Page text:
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review added: 6/20/00

The Decalogue
1988 (2000) - Image Entertainment

review by Adam Jahnke of The Digital Bits

The Decalogue Film Rating: A+

Disc Ratings (Video/Audio/Extras): C+/B+/F

Specs and Features

560 mins (10 films at approx. 57 mins each - see film listing below), NR, full frame (1.33:1), two dual-sided, dual-layered discs, Snapper case packaging in slipcase, film-themed menu screens, scene access (8 chapters per film), languages: Polish (DD mono), subtitles: non-removable English

We're halfway through the year 2000 and have already had a number of worthy candidates for Best DVD of the year. It may come as a surprise, then, that several internationally respected film critics have come out to say that the most important video release of the year is The Decalogue, a set of two featureless DVDs that costs more than The Abyss and Fight Club combined. The late Krzysztof Kieslowski created this series of 10 films, each based on one of the Ten Commandments, for Polish television over a decade ago. Since then, they have been virtually impossible to see in the United States. In essence, the very arrival of these films in this country is a special feature in and of itself.

Although he'd been making feature films in Poland since the 1970s, Kieslowski didn't become widely known in America until the 90s with the release of The Double Life of Veronique and the films that would turn out to be his final work, the brilliant Three Colors trilogy (all of which remain unreleased on DVD at this point). The amazingly high caliber of these films (and other lesser known works like No End and Blind Chance) leave the question of whether or not The Decalogue is Kieslowski's best work open for debate. What is indisputable, is that it is his most ambitious. Instead of using each film to illustrate a commandment, Kieslowski and his co-writer, Krzysztof Piesiewicz, instead make more tentative connections. Some of the parallels are fairly obvious, such as Decalogue I, about a man who puts his faith in his computer to determine if it is safe for his son to skate on a local pond. In other films, the connections are so obscure as to be almost invisible. For instance, you have to stretch your definition of the word "adultery" to make Decalogue VI line up with its commandment. In this episode, a postal worker spies on his neighbor, brooding jealously over her many lovers until he finally works up the courage to meet her.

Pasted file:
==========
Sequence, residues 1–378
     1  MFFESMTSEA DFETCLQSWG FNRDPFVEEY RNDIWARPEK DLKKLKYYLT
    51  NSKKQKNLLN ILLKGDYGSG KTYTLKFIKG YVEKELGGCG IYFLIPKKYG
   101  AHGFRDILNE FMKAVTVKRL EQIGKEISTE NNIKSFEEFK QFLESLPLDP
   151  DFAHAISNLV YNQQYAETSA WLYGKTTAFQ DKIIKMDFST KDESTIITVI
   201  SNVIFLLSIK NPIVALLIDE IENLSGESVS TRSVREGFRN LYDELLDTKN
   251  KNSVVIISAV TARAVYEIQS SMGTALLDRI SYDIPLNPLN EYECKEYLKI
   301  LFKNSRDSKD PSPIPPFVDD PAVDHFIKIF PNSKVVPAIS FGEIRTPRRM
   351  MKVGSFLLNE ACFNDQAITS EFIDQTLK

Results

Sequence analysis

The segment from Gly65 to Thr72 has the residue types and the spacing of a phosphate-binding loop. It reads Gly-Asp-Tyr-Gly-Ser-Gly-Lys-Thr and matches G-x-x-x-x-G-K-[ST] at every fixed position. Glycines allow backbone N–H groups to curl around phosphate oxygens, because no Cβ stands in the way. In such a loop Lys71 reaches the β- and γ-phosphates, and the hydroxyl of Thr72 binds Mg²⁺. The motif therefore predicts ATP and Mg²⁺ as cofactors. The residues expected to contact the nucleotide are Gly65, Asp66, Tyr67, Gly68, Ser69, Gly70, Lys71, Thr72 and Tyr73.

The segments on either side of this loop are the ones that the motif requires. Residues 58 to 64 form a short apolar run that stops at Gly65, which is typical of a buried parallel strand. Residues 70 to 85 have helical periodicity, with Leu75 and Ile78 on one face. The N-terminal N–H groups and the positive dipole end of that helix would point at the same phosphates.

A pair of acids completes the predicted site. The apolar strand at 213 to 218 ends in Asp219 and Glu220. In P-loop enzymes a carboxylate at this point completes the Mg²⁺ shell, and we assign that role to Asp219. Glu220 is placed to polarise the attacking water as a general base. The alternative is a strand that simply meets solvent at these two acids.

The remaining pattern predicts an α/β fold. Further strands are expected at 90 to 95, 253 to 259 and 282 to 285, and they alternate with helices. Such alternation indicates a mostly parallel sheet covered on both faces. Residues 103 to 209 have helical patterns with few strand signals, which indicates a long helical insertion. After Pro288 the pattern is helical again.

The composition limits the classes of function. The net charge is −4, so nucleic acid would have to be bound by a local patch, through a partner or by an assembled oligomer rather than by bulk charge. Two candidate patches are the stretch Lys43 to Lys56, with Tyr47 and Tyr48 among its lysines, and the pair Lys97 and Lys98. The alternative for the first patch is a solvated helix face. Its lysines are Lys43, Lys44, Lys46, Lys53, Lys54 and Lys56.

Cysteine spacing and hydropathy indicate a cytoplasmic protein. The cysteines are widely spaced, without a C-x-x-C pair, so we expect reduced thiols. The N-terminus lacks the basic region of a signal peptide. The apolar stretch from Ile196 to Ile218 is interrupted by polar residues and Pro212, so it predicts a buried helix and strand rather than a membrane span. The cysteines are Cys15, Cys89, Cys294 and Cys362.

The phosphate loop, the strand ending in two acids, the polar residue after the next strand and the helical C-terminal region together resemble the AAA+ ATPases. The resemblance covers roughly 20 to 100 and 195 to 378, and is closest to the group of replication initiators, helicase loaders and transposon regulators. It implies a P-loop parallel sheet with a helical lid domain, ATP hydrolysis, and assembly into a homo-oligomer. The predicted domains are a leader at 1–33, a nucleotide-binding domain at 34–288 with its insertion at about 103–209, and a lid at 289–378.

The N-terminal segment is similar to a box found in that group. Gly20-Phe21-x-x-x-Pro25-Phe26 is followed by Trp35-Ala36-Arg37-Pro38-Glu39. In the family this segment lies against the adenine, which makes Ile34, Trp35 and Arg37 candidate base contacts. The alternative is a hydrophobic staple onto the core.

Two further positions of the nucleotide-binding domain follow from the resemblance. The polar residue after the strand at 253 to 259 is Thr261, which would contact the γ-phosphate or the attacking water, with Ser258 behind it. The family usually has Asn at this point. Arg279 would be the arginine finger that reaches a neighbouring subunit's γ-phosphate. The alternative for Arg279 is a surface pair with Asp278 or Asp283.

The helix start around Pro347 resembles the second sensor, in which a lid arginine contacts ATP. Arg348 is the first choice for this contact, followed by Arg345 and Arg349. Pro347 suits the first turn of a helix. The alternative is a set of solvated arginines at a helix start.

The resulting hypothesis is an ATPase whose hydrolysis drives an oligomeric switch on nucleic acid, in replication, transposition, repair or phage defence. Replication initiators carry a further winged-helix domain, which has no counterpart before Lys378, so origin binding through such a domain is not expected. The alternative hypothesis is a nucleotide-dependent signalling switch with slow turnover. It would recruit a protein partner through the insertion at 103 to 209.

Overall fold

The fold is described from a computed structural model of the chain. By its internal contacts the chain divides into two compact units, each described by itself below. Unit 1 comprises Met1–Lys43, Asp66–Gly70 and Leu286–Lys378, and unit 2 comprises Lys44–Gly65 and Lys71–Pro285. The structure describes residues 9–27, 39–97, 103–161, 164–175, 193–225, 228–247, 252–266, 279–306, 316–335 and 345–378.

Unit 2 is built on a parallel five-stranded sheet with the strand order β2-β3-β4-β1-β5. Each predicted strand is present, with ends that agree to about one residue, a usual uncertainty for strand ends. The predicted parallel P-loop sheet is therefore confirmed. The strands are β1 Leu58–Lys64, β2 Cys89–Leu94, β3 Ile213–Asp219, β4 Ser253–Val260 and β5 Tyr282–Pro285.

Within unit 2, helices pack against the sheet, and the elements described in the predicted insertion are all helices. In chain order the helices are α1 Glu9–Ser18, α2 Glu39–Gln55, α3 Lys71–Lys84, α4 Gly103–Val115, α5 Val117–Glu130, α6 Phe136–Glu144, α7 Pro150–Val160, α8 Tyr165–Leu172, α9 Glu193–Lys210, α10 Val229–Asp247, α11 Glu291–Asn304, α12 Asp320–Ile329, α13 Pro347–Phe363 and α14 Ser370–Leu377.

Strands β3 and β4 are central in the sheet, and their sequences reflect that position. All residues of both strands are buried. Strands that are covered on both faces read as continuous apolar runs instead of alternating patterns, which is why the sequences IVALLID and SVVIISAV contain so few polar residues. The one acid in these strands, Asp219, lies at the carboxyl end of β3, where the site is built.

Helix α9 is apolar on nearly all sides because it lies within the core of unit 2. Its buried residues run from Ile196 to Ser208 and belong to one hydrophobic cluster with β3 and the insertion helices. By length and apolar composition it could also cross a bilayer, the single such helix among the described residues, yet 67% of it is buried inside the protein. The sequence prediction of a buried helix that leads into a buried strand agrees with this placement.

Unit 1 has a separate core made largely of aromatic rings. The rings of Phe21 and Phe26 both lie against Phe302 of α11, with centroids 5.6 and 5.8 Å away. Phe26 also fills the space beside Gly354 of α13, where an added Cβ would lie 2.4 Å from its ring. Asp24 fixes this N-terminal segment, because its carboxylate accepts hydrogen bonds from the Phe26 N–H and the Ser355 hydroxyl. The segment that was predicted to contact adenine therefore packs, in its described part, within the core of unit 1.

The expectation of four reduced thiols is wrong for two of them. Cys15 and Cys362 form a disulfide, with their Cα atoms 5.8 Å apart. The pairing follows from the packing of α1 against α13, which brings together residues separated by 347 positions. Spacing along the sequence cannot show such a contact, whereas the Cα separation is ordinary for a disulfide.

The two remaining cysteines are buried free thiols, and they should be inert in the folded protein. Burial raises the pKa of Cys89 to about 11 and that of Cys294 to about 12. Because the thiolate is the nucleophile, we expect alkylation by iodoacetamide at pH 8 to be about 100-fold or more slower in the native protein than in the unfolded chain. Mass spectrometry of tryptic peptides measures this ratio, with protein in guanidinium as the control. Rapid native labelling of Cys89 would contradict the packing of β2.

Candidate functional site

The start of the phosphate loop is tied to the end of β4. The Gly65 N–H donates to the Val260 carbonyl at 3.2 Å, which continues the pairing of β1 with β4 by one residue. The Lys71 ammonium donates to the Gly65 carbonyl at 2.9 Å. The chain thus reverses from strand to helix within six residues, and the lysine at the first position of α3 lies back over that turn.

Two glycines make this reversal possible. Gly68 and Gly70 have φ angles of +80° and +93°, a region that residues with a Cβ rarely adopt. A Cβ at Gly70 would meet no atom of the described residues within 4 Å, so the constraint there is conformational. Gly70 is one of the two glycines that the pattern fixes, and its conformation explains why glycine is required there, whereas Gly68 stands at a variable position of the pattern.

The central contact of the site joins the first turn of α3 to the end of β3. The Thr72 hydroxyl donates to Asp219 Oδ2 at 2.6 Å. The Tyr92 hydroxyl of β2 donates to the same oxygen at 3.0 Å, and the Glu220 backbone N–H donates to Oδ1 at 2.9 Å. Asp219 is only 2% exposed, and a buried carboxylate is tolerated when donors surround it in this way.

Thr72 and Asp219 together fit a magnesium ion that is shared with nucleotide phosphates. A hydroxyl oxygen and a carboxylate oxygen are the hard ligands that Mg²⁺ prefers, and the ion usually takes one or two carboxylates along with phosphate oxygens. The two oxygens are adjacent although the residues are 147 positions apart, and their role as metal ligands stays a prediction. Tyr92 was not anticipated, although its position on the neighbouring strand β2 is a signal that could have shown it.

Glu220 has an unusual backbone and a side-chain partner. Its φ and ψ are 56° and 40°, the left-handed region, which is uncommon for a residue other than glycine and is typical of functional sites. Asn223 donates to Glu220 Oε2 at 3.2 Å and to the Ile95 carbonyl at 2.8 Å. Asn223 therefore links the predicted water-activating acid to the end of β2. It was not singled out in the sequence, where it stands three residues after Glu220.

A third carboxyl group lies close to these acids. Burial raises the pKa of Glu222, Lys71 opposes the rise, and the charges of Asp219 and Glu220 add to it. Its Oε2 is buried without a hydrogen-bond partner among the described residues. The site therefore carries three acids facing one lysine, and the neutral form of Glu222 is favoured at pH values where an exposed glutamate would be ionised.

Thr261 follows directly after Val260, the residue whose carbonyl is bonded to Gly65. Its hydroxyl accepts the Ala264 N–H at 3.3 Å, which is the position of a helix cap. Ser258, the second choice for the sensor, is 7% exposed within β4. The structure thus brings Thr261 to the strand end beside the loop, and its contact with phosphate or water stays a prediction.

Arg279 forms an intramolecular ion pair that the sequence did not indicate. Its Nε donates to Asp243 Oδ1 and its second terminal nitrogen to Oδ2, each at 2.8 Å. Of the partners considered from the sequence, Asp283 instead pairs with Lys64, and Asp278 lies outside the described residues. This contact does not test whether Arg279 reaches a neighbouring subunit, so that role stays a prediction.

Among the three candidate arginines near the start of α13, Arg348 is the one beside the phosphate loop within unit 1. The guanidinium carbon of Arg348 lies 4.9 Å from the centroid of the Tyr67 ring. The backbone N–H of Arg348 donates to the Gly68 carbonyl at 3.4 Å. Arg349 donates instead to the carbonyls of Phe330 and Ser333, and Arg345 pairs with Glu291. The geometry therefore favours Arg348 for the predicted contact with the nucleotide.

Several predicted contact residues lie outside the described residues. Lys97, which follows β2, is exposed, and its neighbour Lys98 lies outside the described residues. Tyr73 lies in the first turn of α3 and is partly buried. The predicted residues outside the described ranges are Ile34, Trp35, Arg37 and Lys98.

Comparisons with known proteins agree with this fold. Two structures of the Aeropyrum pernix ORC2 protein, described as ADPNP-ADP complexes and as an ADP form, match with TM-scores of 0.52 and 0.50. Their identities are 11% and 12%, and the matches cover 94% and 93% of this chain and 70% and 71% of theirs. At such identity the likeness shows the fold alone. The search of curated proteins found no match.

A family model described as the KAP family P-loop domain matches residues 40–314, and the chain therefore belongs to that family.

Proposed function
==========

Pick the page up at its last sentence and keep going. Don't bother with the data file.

One of Kieslowski's best ideas was to have each of the ten films revolve around different occupants of the same Warsaw apartment building. This motif brings focus to a project that could easily have careened madly out of control. This also allows Kieslowski to connect the films in surprising and intricate ways. When a character from an earlier film reappears, it triggers memories of that person's story. When the man from Decalogue I passes someone dressed as Santa Claus in Decalogue III, our knowledge of the previous story makes the chance encounter resonate with grief. By the end of the series, it's easy to believe that Kieslowski could have focused on anyone, no matter how fleetingly glimpsed, and told a compelling story about them.